If you are a high school senior or the parent of a senior, the next few months can be crucial to applying for financial aid, such as scholarships, grants, and loans. As with any new process, try not to be overwhelmed with the big picture, but instead work through the needed steps to do the best you can to find the financial aid for which you may qualify.
- Complete the Free Application for Federal Student Aid (FAFSA) if you haven't already. Keep in mind that:
- You and one parent will need an FSA ID to be able to sign the FAFSA electronically.
- Abide by your school's and state's FAFSA completion deadline.
- Even if you don't think you will qualify for need-based aid, such as grants or loans, you might need the FAFSA to be considered for scholarships.
- Get organized with your activities, achievements, volunteer hours, etc.
- Plan to apply for institutional aid at the school. They may have one centralized application, or separate applications per scholarship program.
- Check with your high school counselor about local or corporate scholarships. Remember, that you are likely not your counselor's only student, so follow their instructions on how to get scholarship information to free up their time to answer more unique questions.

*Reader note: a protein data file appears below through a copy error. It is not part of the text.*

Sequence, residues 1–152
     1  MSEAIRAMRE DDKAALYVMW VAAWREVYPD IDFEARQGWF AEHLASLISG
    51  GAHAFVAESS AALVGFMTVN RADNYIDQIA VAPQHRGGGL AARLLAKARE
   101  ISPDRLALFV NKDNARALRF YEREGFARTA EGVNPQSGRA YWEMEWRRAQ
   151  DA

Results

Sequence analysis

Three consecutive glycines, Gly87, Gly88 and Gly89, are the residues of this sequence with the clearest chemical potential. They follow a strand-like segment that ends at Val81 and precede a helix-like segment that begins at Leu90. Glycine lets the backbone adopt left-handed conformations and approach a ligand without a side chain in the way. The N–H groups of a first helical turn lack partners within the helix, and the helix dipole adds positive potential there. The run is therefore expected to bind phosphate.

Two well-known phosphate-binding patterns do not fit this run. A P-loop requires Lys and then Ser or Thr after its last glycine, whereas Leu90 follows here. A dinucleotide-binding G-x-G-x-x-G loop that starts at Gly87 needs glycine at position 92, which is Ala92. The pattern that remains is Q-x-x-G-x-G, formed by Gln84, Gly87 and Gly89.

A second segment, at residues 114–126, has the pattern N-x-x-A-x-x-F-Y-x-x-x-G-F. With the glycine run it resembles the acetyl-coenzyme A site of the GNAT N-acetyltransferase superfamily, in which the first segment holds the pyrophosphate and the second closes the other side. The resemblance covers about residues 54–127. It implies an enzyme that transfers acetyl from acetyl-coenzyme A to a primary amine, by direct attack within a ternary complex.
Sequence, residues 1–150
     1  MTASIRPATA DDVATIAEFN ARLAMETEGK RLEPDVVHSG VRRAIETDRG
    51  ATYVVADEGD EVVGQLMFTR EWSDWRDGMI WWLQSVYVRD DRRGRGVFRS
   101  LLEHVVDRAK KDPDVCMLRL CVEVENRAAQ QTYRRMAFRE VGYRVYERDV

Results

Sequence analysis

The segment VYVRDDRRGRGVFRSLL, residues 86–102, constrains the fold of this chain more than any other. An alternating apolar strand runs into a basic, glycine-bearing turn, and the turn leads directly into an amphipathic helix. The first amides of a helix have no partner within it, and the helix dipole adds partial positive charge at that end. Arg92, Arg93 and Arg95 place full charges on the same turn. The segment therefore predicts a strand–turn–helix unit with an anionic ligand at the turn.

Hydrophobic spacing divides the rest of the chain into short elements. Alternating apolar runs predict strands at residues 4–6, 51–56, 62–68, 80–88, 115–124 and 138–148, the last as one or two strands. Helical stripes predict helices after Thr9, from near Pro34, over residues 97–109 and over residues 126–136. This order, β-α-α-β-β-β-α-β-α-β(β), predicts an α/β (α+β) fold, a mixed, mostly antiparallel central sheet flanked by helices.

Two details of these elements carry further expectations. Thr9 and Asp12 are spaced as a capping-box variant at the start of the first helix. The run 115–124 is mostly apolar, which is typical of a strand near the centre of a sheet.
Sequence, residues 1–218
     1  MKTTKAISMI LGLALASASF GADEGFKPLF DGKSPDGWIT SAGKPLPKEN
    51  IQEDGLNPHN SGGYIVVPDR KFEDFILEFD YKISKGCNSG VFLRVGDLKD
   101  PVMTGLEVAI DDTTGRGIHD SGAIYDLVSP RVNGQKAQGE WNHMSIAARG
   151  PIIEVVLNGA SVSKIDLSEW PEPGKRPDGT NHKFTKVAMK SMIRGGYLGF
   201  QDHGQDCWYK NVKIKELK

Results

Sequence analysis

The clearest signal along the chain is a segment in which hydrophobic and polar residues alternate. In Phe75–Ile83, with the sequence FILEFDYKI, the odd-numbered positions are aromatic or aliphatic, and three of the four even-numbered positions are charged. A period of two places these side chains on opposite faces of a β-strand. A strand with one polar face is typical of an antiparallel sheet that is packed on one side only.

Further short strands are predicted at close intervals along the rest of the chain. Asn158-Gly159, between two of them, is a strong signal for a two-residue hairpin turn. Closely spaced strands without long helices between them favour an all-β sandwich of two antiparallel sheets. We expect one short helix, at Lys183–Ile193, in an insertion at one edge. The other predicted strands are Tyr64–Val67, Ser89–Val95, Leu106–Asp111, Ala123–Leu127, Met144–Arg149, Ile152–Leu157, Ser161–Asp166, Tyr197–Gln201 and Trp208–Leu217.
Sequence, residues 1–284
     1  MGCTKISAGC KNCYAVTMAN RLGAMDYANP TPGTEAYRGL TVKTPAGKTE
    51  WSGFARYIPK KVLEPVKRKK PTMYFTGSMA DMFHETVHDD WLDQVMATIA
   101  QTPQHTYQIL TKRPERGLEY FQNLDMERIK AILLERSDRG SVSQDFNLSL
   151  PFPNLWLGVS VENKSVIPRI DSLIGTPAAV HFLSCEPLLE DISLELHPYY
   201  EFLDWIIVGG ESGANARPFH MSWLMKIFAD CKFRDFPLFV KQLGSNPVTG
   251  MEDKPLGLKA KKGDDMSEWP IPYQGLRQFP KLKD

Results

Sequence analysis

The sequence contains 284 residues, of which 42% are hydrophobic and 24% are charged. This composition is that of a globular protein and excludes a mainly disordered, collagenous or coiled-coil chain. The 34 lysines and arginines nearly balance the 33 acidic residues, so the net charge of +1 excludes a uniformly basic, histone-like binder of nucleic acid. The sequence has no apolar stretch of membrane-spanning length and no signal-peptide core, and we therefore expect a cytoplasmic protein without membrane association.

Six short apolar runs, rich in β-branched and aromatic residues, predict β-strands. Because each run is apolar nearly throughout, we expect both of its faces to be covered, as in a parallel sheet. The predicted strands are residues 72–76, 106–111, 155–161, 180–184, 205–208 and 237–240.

- Develop a scholarship essay that makes a strong impression. You will likely be able to tweak to fit different scholarship applications. You may still need to develop multiple essays, but having one already completed will speed up the application process.
- Don't procrastinate. If you don't have many applications right now, don't put them off until you have more to do, get them completed and submitted.
- Keep copies of your application materials for future reference.
- Watch all deadlines! Keep track of your to-do items in a planner or calendar so you don't miss them.
For more information about scholarship search tips, visit mappingyourfuture.org/paying/scholarshipsearch.cfm.